YUCAIPA, Calif. – A moderate earthquake shook most of Southern California Thursday, startling people and knocking items off shelves and desks, but there were no immediate reports of significant damage or injuries.
"All of a sudden it just started rocking," said John Napolitano, 45, a campus police officer at Crafton Hills College. "I just sat there and rode it out."
The early afternoon quake had a magnitude of 4.9 and was centered near Yucaipa (search) in San Bernardino County, east of Los Angeles, according to the U.S. Geological Survey (search). About 25 aftershocks followed in a little over an hour, the strongest estimated at magnitude 3.5.
Residents reported shaking from Los Angeles to San Diego and in counties to the east. Rock slides were reported on Highway 38 in the San Bernardino Mountains (search).
"I heard a loud rumbling sound, kind of like thunder," said Nick Brandes, 25, manager of a store in Yucaipa. "At the front, all the customers were in a panic. They were all just in a hurry to get out."
Andrea Cabrera, an employee at the Walgreens drug store in Yucaipa, said the store "just had a few items falling, that's all." Customers "were just stunned, and they just stood there," she said.
The Los Angeles Fire Department received no immediate reports of major damage, spokesman Brian Humphrey said. None of Southern California Edison's 4.6 million customers lost power.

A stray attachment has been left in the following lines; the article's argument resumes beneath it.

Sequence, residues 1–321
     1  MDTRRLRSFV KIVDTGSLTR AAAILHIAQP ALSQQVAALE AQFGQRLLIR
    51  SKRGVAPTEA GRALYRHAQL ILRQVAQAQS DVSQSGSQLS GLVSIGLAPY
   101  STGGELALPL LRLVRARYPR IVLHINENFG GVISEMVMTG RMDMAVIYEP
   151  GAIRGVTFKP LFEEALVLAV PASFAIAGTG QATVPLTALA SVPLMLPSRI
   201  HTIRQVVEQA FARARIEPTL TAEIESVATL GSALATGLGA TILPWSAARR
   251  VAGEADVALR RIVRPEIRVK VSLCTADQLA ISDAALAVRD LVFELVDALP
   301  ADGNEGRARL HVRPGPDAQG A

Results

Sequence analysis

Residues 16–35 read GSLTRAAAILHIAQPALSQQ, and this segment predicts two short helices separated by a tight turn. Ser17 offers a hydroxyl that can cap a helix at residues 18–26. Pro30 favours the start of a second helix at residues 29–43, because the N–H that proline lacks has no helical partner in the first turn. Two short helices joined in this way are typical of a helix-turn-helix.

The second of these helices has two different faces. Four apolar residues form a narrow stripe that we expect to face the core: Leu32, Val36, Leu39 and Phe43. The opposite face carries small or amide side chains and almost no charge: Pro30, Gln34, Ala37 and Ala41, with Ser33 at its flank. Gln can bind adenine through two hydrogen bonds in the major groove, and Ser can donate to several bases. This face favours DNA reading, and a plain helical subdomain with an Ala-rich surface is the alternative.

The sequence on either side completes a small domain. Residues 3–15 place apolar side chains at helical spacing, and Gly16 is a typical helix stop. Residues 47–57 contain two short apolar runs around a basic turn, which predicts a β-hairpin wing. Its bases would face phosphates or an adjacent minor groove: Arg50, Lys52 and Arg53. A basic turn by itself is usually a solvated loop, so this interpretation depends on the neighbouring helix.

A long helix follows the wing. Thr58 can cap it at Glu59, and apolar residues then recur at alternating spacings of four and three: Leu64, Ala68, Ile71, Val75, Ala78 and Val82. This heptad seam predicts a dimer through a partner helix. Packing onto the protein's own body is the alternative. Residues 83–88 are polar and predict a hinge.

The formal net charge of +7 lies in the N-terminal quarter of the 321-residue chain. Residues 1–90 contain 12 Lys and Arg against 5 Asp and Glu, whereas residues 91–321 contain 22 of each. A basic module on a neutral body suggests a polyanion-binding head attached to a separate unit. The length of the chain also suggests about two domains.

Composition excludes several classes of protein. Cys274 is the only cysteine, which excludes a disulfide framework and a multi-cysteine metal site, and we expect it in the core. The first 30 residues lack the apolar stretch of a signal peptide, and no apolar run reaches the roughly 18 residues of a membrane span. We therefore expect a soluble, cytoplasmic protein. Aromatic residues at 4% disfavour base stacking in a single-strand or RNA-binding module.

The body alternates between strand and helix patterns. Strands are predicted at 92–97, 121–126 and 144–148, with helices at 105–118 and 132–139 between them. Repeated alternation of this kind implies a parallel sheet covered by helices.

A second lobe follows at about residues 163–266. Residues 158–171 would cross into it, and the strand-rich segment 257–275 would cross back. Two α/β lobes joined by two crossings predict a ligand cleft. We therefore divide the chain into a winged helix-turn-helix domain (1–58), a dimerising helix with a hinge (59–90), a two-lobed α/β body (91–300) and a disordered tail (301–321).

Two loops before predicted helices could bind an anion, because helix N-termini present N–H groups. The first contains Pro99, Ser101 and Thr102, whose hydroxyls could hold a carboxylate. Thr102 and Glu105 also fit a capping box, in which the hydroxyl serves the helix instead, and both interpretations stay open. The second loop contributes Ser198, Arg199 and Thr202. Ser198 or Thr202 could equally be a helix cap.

It was the third significant quake to hit California this week: A magnitude-5.2 quake shook Riverside County on Sunday, and a magnitude-7.0 quake struck Tuesday under the ocean 90 miles off Northern California.
Thursday's quake occurred near the San Andreas Fault (search) but not on it, said Lucy Jones, scientist in charge of the U.S. Geological Survey office in Pasadena. She said the quake was not a direct aftershock from Sunday's temblor.
"This is not an unusual level of earthquake activity," Jones said of the state's recent quakes.
Channon Kelly, 31, was eating her lunch in downtown Los Angeles when Thursday's quake hit.
"I almost jumped out of my seat," Kelly said. "I'm starting to get freaked out. We've had so many in the last week, the one Sunday and then in Northern California. I could hear the windows rattling and feel it all at the same time."